Kia Venga

The Essentials

  • Price from £11,595
  • What Car? says: 2 star rating
  • Fuel economy: up to 62.8mpg
  • What is it? This mini-MPV is good in several areas without excelling


  • Cabin looks reasonably smart
  • Decent levels of kit
  • That seven-year warranty should help you sleep at night


  • By no means dazzling to drive
  • Not as cheap as we'd want
  • Some drivers will want more adjustment for the driving position
  • Drive

    Altogether average; comfortable enough if rather noisy with a tendency to lean around corners

  • Inside

    We like the raised driving position and easy-to-use layout of all the controls

  • Safety

    Everything we'd like to see in an MPV from airbags to stability control, with active head rests thrown in for good measure

  • Reliability

    If the chic, good-quality interior doesn't convince you, try a seven-year warranty for peace of mind

  • Space

    A petite exterior conceals plus-size levels of interior room

  • Standard and extras

    All models get air-con, remote locking and electric front windows, upgrade for alloys or a panoramic sunroof

  • What's it like to drive?

    Although the Kia Venga isn't bad to drive - think yesterday's club sandwich rather than last week's lettuce - it's hardly a gourmet experience. We'd plump for the cheapest 1.4-litre petrol engine which has a dash of spice and keeps the price down. All versions are comfortable enough, but the tall body does tend to lean in corners and a fair bit of noise reaches the cabin - particularly in diesel versions.

  • What's it like inside?

    You'll enjoy a good view out from the raised driving position in the Kia Venga, although if you're on the short or tall side you might find the limited seat and steering wheel adjustment a problem. A dizzying array of dashboard buttons makes navigating the controls trickier than it needs to be, too.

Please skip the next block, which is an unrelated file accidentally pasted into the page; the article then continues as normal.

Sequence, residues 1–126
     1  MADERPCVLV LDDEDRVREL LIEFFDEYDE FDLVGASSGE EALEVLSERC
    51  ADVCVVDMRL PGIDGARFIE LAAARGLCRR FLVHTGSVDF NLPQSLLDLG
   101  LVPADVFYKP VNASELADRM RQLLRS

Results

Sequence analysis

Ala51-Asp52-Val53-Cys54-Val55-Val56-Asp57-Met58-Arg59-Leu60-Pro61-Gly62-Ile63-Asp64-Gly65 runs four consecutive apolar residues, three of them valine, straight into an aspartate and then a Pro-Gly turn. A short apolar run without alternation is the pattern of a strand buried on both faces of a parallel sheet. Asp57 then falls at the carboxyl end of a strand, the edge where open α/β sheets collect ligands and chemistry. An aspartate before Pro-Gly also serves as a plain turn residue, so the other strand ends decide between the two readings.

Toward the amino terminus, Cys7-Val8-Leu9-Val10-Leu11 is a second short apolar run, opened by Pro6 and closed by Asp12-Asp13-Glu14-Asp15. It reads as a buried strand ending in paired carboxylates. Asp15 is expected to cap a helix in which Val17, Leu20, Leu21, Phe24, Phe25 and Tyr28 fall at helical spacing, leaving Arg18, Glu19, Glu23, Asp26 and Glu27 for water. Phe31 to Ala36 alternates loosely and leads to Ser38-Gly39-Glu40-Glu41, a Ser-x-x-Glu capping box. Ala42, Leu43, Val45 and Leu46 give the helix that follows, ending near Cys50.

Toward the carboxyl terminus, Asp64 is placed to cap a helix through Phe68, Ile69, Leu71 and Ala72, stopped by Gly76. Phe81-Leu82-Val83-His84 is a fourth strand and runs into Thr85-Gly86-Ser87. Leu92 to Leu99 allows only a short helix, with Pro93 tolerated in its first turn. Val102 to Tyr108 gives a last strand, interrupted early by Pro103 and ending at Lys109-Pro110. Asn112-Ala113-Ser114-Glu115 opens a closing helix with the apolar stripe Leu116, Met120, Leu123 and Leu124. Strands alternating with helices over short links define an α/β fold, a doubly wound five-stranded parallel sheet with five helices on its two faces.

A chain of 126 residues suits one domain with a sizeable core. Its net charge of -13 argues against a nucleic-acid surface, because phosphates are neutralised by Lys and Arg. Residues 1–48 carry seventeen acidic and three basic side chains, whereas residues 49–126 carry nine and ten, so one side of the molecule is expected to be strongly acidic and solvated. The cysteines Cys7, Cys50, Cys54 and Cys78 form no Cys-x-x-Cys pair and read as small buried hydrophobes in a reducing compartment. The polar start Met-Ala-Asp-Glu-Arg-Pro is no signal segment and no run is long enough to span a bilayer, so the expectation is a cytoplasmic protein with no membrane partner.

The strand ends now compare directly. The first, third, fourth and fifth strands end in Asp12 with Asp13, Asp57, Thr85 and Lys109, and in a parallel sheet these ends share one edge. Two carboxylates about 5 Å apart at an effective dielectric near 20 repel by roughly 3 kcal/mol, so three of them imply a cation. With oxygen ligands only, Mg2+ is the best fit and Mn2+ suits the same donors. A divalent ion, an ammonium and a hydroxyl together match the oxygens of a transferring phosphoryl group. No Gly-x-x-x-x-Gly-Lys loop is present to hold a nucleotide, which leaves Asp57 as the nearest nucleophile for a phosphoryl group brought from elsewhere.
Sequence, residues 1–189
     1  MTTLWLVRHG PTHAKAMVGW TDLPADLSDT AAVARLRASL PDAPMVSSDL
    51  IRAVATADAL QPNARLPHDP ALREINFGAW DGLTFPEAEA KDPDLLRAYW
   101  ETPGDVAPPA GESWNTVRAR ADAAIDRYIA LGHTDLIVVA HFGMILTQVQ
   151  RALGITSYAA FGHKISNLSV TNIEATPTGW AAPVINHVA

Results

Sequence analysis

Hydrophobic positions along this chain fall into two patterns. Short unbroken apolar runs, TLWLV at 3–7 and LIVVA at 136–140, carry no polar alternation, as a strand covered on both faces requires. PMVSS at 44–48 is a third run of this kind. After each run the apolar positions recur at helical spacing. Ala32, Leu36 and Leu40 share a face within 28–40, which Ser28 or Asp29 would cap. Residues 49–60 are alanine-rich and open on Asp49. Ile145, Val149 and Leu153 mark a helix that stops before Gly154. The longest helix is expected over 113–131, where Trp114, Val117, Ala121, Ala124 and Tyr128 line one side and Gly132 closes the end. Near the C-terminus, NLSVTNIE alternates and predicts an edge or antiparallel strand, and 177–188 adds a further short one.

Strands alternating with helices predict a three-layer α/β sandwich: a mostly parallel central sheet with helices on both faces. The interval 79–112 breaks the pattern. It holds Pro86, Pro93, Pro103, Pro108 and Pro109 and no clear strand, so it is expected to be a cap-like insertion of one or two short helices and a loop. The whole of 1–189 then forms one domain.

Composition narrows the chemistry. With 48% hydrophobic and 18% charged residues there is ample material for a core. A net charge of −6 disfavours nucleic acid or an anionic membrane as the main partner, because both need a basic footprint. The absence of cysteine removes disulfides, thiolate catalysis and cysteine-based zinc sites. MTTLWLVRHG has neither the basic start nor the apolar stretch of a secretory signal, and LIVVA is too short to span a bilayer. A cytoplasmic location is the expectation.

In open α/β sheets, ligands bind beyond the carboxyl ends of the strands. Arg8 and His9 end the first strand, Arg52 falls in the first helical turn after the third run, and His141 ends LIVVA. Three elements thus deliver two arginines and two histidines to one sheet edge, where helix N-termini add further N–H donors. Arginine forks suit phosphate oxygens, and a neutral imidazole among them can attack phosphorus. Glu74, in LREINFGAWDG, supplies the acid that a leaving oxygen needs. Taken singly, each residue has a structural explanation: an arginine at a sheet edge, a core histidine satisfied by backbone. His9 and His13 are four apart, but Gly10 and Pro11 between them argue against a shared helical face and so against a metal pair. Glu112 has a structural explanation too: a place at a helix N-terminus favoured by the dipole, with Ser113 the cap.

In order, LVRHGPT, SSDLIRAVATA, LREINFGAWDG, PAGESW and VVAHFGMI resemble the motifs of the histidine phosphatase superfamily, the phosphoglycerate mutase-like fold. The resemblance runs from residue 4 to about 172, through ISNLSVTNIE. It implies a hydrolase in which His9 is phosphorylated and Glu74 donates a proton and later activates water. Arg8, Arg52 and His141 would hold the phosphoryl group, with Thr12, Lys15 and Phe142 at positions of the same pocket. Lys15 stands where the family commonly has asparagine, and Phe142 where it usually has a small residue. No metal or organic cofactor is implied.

From a practical point of view there's plenty of space inside, with a good-sized boot that can be extended, thanks to rear seats that slide back and forth, and fold flat. The boot floor can be raised to level the load area - a handy feature.
    The entry-level 1 models come with remote control locking, electric front windows and a CD player with USB socket, while 1 Air trim adds air-con. Stepping up to a 2 brings alloy wheels and a leather-trimmed steering wheel with audio controls.

  • How reliable is it?

    The Venga doesn't feature in the most recent JD Power ownership satisfaction survey, but Kia as a whole was rated average in the overall manufacturer league table. The seven-year warranty should help ease your reliability worries, though.
    On the safety front, the Venga has everything we'd expect to see in an MPV, from six airbags to stability control, with active head rests thrown in for good measure. It scored 89% for adult protection and 85% for child protection in crash tests - the same as its sister car the Hyundai ix20, and better than a Citroen C3 Picasso (81%/76%).

  • Should I buy one?

    Kia hasn't stuck to its usual budget brief with the Venga, because prices are higher than we'd expect. Resale values aren't likely to be particularly strong, either, although a seven-year warranty, which transfers when you sell the car, should soothe even the most anxious owners. Even so, a Kia Cee'd is a much better buy.